Should I stay or should I go? Climate change effects on the future of Neotropical savannah bats

Ludmilla M S Aguiar*, Enrico Bernard, Vivian Ribeiro, Ricardo B. Machado, Gareth Jones

*Corresponding author for this work

Research output: Contribution to journalArticle (Academic Journal)peer-review

28 Citations (Scopus)
339 Downloads (Pure)

Abstract

Most extant species are survivors of the last climate change event 20,000 years ago. While past events took place over thousands of years, current climate change is occurring much faster, over a few decades. We modelled the potential distribution area of bat species in the Brazilian Cerrado, a Neotropical savannah, and assessed the potential impacts of climate change up to 2050 in two scenarios. First we evaluated what the impact on the distributions of bat species would be if they were unable to move to areas where climate conditions might be similar to current ones. The novelty of our paper is that, based on least-cost-path analyses, we identified potential corridors that could be managed now to mitigate potential impacts of climate change. Our results indicate that on average, in the future bat species would find similar climate conditions 281 km southeast from current regions. If bat species were not able to move to new suitable areas and were unable to adapt, then 36 species (31.6%) could lose ≥80% of their current distribution area, and five species will lose more than 98% of their distribution area in the Brazilian Cerrado. In contrast, if bat species are able to reach such areas, then the number of highly impacted species will be reduced to nine, with none of them likely to disappear from the Cerrado. We present measures that could be implemented immediately to mitigate future climate change impacts.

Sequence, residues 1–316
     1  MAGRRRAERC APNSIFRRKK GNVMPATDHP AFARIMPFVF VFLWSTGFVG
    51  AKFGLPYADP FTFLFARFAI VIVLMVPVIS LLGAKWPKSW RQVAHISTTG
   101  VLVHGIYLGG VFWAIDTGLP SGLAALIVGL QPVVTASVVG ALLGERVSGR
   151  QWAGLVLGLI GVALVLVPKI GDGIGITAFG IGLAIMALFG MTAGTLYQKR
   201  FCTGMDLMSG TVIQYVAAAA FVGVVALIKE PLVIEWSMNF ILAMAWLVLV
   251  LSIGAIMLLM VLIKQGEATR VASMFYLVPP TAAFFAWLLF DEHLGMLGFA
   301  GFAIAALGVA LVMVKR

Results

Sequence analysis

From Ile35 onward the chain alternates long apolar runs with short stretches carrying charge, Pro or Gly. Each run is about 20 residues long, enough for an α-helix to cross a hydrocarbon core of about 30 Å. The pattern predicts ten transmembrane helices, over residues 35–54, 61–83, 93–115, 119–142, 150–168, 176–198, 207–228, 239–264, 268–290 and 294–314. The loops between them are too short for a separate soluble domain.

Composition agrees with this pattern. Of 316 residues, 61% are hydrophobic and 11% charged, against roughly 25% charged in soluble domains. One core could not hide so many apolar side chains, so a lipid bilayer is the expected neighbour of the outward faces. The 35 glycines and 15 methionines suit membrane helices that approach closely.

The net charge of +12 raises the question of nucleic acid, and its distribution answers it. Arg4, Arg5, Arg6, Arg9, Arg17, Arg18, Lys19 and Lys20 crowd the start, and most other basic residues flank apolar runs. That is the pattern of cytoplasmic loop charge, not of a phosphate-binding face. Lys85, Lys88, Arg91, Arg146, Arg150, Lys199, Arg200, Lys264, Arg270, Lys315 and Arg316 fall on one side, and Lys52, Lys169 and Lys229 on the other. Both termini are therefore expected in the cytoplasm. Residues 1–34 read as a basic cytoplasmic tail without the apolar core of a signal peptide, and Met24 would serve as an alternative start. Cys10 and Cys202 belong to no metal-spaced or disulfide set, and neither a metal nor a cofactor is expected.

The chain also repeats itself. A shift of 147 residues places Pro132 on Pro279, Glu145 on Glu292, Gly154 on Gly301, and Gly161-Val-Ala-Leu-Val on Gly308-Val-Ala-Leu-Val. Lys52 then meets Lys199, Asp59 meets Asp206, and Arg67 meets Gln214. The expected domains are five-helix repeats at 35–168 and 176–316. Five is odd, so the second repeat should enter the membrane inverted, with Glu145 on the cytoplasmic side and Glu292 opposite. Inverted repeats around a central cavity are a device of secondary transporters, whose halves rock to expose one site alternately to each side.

Original languageEnglish
Pages (from-to)22-33
Number of pages12
JournalGlobal Ecology and Conservation
Volume5
Early online date9 Dec 2015
DOIs
Publication statusPublished - 1 Jan 2016

Keywords

  • Brazil
  • Brazilian Cerrado
  • Chiroptera
  • Conservation
  • Ecological niche models

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